President Obama is making dreams come true for hundreds of thousands of young immigrants that will save them from deportation from the United States. In a statement delivered in the White House Rose Garden Friday afternoon, the president announced a new policy to prevent their deportation. Effective immediately, it allows "law-abiding" individuals who are under 30, have arrived in the U.S. before age 16 and have lived here for five years to obtain two-year, renewable work permits.
"This is not amnesty, this is not immunity, this is not a path to citizenship, it's not a permanent fix," he said. "This is a temporary stopgap measure that lets us focus our resources wisely while giving a sense of relief to driven young people. It's the right thing to do."
To be eligible, individuals must have no criminal record, and have earned a high school diploma or G.E.D., or served in the military. The provisions are very similar to those in the DREAM Act that Congressional Republicans have persistently blocked from moving forward. By issuing an executive order, the administration can bypass that opposition.
It also is very strategically timed. Next week, the president will address the National Association of Latino Elected and Appointed Officials' annual conference. More important, the Latino population is growing not just in numbers but in political influence, and will be a deciding factor in this year's presidential election.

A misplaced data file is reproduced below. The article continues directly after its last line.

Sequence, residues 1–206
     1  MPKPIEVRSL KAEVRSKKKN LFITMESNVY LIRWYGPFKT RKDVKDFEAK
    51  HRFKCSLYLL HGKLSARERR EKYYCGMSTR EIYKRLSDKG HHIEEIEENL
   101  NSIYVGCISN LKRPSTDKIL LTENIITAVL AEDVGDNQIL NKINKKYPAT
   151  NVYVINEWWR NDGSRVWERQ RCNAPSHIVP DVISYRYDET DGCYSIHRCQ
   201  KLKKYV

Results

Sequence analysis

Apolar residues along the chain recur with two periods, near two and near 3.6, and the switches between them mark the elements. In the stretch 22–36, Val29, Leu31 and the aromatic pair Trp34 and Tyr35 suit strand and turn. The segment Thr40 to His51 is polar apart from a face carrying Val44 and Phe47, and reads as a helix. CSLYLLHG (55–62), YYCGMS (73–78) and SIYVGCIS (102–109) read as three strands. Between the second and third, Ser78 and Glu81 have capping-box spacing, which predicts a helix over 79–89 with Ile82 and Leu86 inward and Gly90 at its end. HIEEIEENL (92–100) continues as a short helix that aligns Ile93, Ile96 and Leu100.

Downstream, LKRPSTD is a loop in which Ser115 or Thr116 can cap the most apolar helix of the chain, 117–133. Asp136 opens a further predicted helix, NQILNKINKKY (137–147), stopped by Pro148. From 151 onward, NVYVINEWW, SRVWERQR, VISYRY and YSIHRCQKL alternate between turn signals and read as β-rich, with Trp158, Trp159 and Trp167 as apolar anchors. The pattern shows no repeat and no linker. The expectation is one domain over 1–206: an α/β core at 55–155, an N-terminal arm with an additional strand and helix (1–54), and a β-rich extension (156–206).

The demographic is more Democratically inclined, but has expressed deep frustration over Obama's unfulfilled promise of comprehensive immigration reform. The new policy could boost his re-election prospects and Latino turnout in November.
Florida Sen. Marco Rubio, a potential Republican vice presidential nominee, who has developed his own DREAM Act alternative, offered a guarded response to the news.
"Today’s announcement will be welcome news for many of these kids desperate for an answer, but it is a short term answer to a long term problem," he said. "And by once again ignoring the Constitution and going around Congress, this short-term policy will make it harder to find a balanced and responsible long-term one."
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(Photo: Alex Wong/Getty Images)